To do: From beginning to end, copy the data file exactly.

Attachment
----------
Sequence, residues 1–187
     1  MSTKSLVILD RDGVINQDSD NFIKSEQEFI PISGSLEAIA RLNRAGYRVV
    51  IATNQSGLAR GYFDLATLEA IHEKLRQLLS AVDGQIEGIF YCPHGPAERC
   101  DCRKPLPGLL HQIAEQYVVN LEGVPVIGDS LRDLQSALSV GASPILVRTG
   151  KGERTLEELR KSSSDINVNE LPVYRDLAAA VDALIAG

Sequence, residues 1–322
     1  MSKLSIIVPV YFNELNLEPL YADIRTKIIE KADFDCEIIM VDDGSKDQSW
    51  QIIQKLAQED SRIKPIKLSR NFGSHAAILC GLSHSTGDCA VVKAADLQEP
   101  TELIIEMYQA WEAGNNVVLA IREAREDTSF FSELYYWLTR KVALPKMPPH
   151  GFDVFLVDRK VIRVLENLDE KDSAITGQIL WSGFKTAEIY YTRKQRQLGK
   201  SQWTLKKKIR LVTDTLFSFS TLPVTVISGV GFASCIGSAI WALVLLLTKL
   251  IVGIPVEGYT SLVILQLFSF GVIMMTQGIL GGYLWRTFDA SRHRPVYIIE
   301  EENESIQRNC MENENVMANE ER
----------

Sequence, residues 1–187
     1  MSTKSLVILD RDGVINQDSD NFIKSEQEFI PISGSLEAIA RLNRAGYRVV
    51  IATNQSGLAR GYFDLATLEA IHEKLRQLLS AVDGQIEGIF YCPHGPAERC
   101  DCRKPLPGLL HQIAEQYVVN LEGVPVIGDS LRDLQSALSV GASPILVRTG
   151  KGERTLEELR KSSSDINVNE LPVYRDLAAA VDALIAG

Sequence, residues 1–322
     1  MSKLSIIVPV YFNELNLEPL YADIRTKIIE KADFDCEIIM VDDGSKDQSW
    51  QIIQKLAQED SRIKPIKLSR NFGSHAAILC GLSHSTGDCA VVKAADLQEP
   101  TELIIEMYQA WEAGNNVVLA IREAREDTSF FSELYYWLTR KVALPKMPPH
   151  GFDVFLVDRK VIRVLENLDE KDSAITGQIL WSGFKTAEIY YTRKQRQLGK
   201  SQWTLKKKIR LVTDTLFSFS TLPVTVISGV GFASCIGSAI WALVLLLTKL
   251  IVGIPVEGYT SLVILQLFSF GVIMMTQGIL GGYLWRTFDA SRHRPVYIIE
   301  EENESIQRNC MENENVMANE ER